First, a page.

The Roberts Court by Marcia Coyle
The Struggle for the Constitution

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It's not the modest court that its chief once proposed; to the contrary, it is assertive, relevant and a bit scary — and worthy of this useful book.
-LA Times

Synopsis

The Roberts Court, seven years old, sits at the center of a constitutional maelstrom. Through four landmark decisions, Marcia Coyle, one of the most prestigious experts on the Supreme Court, reveals the fault lines in the conservative-dominated Court led by Chief Justice John Roberts Jr.

Seven minutes after President Obama put his signature to a landmark national health care insurance program, a lawyer in the office of Florida GOP attorney general Bill McCollum hit a computer key, sparking a legal challenge to the new law that would eventually reach the nation’s highest court. Health care is only the most visible and recent front in a battle over the meaning and scope of the U.S. Constitution. The battleground is the United States Supreme Court, and one of the most skilled, insightful, and trenchant of its observers takes us close up to watch it in action.

Marcia Coyle’s brilliant inside account of the High Court captures four landmark decisions—concerning health care, money in elections, guns at home, and race in schools. Coyle examines how those cases began—the personalities and conflicts that catapulted them onto the national scene—and how they ultimately exposed the great divides among the justices, such as the originalists versus the pragmatists on guns and the Second Amendment, and corporate speech versus human speech in the controversial Citizens United campaign case. Most dramatically, her analysis shows how dedicated conservative lawyers and groups are strategizing to find cases and crafting them to bring up the judicial road to the Supreme Court with an eye on a receptive conservative majority.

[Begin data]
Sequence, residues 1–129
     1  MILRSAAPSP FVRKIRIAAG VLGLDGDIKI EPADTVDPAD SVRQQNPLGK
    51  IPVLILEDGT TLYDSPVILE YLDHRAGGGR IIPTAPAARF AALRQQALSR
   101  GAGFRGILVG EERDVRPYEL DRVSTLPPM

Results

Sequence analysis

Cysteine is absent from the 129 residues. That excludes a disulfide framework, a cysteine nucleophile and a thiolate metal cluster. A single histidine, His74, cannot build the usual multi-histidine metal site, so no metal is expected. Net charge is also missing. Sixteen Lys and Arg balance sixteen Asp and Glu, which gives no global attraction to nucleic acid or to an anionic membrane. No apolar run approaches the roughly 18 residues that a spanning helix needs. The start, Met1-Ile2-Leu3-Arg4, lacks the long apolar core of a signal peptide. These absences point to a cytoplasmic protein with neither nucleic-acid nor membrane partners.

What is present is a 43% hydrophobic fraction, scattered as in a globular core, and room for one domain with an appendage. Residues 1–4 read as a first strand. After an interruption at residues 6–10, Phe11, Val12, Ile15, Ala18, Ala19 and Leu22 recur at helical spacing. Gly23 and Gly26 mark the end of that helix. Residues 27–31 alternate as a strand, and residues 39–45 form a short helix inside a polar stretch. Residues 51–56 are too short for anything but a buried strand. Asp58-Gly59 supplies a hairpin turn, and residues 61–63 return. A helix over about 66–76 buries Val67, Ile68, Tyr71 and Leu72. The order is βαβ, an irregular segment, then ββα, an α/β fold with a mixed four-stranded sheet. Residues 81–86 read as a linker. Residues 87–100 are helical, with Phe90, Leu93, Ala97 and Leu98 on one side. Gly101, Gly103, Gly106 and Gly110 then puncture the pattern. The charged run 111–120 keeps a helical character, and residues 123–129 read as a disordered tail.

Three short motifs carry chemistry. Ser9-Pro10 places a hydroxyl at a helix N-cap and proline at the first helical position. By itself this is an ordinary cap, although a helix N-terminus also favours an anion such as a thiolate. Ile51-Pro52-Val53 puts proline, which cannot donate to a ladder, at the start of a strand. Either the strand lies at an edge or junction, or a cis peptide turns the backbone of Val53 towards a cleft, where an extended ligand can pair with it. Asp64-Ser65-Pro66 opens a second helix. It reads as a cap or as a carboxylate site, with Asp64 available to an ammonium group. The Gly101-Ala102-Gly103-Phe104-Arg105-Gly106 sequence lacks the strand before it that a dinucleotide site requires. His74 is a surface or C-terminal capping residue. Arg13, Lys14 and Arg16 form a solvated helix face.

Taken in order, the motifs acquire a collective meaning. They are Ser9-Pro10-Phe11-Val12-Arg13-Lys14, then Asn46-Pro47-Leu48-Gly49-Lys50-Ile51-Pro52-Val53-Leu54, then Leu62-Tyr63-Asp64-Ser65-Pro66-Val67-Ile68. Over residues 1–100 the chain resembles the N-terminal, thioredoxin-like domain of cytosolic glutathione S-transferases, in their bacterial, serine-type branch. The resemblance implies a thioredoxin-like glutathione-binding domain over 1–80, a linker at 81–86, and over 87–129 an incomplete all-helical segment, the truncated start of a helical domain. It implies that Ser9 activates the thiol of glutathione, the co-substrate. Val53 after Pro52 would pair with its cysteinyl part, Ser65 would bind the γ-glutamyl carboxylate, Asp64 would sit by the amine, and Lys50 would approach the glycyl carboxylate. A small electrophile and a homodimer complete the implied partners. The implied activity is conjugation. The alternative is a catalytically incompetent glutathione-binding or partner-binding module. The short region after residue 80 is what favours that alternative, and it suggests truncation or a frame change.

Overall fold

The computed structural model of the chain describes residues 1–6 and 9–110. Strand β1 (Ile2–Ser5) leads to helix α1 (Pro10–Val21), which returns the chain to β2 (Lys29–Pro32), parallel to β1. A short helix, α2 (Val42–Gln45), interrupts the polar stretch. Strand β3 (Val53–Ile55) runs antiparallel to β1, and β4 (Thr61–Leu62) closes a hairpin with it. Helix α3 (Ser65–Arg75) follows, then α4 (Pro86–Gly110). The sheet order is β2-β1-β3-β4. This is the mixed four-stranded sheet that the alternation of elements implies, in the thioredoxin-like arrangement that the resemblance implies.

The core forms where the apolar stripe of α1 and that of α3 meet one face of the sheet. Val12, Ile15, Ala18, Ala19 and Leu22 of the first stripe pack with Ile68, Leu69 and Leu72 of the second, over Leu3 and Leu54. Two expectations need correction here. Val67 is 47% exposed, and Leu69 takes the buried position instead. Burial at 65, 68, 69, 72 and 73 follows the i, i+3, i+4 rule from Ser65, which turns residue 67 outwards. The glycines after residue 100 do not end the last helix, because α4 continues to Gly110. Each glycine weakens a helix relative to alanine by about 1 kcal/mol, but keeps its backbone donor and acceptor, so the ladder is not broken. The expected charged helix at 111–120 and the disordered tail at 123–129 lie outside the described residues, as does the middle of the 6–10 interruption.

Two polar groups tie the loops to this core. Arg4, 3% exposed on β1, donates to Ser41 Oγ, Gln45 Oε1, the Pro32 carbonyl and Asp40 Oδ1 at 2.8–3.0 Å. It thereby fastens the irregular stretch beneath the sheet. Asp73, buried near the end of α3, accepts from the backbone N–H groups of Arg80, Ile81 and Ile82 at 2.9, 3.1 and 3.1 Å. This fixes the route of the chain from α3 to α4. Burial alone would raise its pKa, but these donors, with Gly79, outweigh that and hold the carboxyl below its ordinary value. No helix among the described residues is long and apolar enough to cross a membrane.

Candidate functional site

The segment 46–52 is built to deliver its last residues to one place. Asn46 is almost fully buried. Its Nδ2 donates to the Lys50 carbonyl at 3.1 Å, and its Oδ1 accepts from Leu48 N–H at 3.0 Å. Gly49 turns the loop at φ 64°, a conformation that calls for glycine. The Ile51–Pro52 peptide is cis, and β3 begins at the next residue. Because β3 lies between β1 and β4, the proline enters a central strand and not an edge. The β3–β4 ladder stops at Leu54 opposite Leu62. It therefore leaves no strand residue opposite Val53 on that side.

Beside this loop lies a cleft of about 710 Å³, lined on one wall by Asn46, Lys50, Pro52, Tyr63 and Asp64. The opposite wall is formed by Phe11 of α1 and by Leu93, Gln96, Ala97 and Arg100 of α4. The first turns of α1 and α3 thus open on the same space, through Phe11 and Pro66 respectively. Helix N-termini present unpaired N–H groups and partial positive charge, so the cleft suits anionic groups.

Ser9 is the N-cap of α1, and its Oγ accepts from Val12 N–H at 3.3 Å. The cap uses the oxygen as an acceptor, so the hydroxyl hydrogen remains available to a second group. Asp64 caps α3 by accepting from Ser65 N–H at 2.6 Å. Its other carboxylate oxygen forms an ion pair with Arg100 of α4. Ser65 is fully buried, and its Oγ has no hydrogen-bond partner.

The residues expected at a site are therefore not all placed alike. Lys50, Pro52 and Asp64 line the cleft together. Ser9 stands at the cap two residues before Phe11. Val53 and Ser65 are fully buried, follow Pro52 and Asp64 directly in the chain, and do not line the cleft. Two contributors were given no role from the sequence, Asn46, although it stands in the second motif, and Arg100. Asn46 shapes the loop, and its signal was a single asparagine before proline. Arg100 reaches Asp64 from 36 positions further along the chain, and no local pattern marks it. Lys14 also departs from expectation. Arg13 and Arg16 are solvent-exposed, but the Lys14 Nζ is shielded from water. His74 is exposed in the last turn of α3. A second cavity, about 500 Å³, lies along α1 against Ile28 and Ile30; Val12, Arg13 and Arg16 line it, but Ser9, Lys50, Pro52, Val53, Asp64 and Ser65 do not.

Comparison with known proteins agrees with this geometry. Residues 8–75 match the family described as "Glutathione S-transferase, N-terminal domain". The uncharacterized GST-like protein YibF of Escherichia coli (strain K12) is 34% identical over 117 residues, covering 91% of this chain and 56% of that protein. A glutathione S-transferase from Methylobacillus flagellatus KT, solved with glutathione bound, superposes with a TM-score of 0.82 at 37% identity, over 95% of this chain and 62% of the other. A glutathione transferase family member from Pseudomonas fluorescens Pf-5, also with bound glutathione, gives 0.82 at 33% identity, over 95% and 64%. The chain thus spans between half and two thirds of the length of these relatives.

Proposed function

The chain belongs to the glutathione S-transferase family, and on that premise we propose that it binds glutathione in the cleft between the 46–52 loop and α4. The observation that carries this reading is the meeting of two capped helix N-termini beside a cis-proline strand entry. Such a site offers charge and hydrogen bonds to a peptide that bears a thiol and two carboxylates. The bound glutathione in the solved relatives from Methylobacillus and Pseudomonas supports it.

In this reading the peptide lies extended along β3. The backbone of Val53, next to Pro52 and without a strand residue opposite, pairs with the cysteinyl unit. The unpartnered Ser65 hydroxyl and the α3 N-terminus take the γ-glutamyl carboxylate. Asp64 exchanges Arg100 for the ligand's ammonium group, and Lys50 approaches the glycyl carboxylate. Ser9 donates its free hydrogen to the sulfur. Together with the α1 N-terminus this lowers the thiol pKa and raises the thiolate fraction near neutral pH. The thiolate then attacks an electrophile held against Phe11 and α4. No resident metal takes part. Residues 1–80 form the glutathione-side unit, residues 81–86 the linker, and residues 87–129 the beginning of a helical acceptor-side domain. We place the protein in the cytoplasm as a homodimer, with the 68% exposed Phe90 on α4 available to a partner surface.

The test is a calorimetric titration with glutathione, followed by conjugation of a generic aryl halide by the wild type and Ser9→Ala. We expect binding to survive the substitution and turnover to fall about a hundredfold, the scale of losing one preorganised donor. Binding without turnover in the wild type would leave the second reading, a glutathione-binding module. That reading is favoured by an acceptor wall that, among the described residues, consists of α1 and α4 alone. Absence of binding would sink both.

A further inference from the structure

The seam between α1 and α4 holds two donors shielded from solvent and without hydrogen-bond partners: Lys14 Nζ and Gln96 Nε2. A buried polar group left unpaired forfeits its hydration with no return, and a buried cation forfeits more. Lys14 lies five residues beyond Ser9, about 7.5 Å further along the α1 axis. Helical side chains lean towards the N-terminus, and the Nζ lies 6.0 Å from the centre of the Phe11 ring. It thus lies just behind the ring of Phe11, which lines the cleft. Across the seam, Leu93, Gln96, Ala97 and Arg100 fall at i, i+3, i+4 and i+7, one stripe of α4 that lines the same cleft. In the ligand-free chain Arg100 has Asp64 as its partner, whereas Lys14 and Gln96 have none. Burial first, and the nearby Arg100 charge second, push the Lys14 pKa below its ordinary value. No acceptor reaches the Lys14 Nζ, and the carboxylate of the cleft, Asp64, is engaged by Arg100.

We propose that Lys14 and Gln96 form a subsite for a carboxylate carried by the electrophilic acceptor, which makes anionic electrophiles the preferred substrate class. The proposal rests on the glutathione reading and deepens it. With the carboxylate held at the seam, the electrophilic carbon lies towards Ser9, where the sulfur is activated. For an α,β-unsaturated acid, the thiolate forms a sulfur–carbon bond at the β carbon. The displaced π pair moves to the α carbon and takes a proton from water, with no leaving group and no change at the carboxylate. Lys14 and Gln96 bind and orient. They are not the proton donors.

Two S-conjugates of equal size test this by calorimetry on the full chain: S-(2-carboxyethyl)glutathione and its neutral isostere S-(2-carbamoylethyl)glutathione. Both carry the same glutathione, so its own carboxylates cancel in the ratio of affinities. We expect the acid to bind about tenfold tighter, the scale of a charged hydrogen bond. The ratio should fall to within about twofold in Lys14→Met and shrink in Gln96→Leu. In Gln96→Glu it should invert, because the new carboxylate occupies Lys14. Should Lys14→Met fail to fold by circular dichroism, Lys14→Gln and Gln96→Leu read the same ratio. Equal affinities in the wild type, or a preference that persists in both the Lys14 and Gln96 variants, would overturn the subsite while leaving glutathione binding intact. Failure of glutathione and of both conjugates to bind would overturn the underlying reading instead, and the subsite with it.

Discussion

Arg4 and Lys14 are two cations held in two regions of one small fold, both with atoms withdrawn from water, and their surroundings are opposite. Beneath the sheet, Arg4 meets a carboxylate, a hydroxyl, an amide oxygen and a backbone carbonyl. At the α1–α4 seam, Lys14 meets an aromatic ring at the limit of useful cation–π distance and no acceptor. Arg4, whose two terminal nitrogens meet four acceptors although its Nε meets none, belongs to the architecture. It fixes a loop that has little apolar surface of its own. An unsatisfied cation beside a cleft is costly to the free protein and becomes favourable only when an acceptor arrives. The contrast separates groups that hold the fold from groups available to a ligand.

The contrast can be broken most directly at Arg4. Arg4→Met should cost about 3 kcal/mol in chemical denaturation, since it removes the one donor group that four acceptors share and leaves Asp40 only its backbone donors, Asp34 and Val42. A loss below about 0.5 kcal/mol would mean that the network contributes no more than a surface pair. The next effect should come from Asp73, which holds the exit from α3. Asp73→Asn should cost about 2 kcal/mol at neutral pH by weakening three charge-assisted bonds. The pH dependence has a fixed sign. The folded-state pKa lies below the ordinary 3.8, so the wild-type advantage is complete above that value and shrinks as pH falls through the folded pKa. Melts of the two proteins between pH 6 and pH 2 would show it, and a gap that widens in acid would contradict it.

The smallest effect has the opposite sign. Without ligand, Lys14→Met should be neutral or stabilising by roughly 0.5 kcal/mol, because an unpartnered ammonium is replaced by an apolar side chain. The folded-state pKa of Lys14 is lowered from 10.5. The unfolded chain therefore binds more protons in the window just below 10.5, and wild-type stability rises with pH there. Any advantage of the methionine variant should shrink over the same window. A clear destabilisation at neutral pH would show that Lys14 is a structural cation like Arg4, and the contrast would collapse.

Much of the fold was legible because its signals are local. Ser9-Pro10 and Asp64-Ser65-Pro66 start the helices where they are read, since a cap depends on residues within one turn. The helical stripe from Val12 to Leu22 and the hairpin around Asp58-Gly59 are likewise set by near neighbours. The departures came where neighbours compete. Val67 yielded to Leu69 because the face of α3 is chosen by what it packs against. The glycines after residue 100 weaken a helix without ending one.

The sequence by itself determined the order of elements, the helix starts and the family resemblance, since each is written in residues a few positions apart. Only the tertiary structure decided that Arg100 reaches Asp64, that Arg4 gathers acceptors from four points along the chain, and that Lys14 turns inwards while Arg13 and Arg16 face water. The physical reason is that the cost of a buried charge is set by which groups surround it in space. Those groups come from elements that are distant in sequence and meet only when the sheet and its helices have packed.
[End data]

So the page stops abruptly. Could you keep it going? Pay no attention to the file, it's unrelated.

The Roberts Court offers a ringside seat at the struggle to lay down the law of the land.
 

About Marcia Coyle

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Marcia Coyle is the Chief Washington Correspondent for The National Law Journal. A lawyer and journalist, Coyle has covered the Supreme Court for twenty years. She regularly appears on PBS’s NewsHour. Her work has earned numerous national journalism awards, including the George Polk Award for legal reporting, the Investigative Reporters and Editors Award for outstanding investigative reporting, the Scripps Howard Foundation Award for environmental reporting, and the American Judicature Society’s Toni House Journalism Award.
 
Published May 7, 2013 by Simon & Schuster. 418 pages
Genres: History, Professional & Technical, Law & Philosophy, Political & Social Sciences. Non-fiction
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Critic reviews for The Roberts Court
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Kirkus

Good
on Mar 31 2013

A careful, informed analysis of the origins, progress and disposition of the complex, high-stakes legal disputes that find their way to the court.

Read Full Review of The Roberts Court: The Strugg... | See more reviews from Kirkus

LA Times

Good
Reviewed by Jim Newton on May 16 2013

It's not the modest court that its chief once proposed; to the contrary, it is assertive, relevant and a bit scary — and worthy of this useful book.

Read Full Review of The Roberts Court: The Strugg... | See more reviews from LA Times

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